Throughout the summer and fall I've been placing many new works, and will continue to provide private showings of my paintings for anyone within three hours or so of my studio, from Connecticut to Washington, DC and the surrounding areas.
David Oleski. b.1961. Boston, Massachusetts; education: 1983, Bachelor of Fine Arts, Maryland Institute, College of Art, Baltimore, Maryland; currently living in West Chester, Pennsylvania, USA.
David has found a voice in his version of an intense scrutiny of the world around him. Following in the footsteps of the 19th century Impressionists, he began a deep exploration into increasingly fragmented views of simple still lifes. He captures a sense of rhythm and atmosphere with sophisticated colors, and thick and deliberate brushwork....read more.
Usually the paintings of David Oleski can been seen in person at some of the top outdoor fine art festivals throughout the year, all over the country. With COVID-19 many of these events are being cancelled for 2020, but all paintings can be shipped or delivered for reasonable costs. I'm still taking special orders and commissions throughout the year, so don't hesitate to contact me if there's anything I can do to help you own a piece for your home.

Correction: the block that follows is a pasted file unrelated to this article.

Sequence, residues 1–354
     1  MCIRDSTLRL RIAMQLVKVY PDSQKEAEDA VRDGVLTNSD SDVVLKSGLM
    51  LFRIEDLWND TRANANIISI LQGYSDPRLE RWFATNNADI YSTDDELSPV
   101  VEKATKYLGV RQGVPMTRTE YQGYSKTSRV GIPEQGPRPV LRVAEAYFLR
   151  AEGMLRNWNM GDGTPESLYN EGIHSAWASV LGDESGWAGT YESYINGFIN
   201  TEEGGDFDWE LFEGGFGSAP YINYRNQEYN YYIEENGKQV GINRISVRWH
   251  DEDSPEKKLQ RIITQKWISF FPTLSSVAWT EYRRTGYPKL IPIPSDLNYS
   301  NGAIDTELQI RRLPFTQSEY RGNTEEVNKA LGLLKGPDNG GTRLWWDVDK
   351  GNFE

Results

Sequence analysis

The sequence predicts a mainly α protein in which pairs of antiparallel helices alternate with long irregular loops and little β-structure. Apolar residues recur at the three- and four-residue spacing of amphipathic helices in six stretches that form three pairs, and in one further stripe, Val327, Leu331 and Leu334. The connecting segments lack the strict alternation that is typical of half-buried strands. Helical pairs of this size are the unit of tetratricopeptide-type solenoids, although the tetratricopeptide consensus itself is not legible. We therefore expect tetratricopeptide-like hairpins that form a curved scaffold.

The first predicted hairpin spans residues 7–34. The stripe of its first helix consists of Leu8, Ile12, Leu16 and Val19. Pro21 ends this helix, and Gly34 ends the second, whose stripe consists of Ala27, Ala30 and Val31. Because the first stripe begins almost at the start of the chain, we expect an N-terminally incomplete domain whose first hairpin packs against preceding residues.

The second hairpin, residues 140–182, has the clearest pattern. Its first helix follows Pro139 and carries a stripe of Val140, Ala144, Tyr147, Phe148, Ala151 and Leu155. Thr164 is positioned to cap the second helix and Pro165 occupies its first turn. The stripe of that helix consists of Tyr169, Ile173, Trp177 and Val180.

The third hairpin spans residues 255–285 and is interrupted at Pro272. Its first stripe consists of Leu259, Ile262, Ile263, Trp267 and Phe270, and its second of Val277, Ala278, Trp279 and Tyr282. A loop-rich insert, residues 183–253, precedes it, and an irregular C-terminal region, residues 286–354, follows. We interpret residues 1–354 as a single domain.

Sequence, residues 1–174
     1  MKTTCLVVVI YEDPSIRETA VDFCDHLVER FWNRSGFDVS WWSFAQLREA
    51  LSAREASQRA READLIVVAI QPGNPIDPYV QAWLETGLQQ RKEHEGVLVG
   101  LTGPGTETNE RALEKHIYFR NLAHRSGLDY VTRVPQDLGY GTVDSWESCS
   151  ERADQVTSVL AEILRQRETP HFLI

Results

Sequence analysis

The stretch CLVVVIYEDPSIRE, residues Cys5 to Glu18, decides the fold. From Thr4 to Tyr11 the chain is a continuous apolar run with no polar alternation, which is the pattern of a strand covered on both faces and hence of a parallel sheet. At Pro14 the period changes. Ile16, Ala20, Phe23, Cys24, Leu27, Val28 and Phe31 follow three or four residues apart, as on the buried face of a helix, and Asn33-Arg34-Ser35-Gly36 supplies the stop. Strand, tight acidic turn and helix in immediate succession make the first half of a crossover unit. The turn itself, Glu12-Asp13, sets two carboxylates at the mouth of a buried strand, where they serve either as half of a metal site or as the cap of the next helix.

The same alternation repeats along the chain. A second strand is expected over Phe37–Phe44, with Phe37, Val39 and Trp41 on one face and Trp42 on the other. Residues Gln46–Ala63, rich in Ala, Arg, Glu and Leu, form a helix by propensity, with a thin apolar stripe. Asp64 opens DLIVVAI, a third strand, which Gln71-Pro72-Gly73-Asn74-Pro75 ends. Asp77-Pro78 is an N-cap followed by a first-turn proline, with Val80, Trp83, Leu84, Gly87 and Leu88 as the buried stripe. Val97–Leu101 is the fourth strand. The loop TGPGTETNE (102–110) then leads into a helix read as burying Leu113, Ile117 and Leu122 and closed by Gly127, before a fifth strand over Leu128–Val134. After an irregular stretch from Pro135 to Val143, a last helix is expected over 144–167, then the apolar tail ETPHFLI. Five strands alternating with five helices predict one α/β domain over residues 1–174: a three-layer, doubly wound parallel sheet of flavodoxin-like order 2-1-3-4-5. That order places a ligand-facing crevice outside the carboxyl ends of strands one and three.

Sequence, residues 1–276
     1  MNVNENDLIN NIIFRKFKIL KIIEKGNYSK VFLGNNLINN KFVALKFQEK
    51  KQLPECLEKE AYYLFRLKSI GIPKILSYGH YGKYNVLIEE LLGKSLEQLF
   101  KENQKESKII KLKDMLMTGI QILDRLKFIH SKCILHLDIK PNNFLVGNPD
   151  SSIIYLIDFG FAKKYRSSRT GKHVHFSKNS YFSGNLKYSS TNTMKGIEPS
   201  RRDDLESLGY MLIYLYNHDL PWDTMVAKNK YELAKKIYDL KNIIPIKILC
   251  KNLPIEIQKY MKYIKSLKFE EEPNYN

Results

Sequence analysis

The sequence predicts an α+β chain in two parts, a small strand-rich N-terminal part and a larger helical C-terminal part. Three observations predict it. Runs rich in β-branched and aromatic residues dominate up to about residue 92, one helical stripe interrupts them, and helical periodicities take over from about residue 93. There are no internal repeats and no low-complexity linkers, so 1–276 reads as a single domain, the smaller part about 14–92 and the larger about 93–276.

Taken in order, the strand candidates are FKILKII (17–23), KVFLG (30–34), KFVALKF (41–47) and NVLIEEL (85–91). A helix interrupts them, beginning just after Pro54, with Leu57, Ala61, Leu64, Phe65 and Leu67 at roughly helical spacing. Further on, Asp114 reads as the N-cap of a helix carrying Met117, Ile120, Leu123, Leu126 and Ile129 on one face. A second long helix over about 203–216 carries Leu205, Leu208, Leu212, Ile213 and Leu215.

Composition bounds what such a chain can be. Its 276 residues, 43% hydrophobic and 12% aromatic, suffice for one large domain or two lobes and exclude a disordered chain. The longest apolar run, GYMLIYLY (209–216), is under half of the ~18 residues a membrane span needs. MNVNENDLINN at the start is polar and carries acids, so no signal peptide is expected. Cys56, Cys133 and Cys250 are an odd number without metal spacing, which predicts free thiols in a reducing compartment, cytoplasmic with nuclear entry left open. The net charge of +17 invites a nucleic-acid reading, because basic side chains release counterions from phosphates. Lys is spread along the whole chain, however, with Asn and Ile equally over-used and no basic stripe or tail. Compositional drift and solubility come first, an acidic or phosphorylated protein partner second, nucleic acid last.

It all started with still life. In an endless pursuit of truth in observation, the time-honored tradition of the standard still life provided the foundation for understanding light and atmosphere and depth and volume. The broad and linear presentation of the academic arrangements creates an engaging juxtaposition of something classic being reinvented as something sharp and contemporary. A dialogue is created between subtle gestures of stems and curves and attitudes.
David Oleski has continued his studies into color theory with a new series of abstract color field paintings. This collection of work represents an ongoing artistic evolution shaped and distilled by the observation of light and color. For a decade, the foundation studies of traditional still-life have opened the door for a departure from the rendition of an actual object; now exploring how the eye can create a composite understanding of nuances of depth and atmosphere through the substance of paint.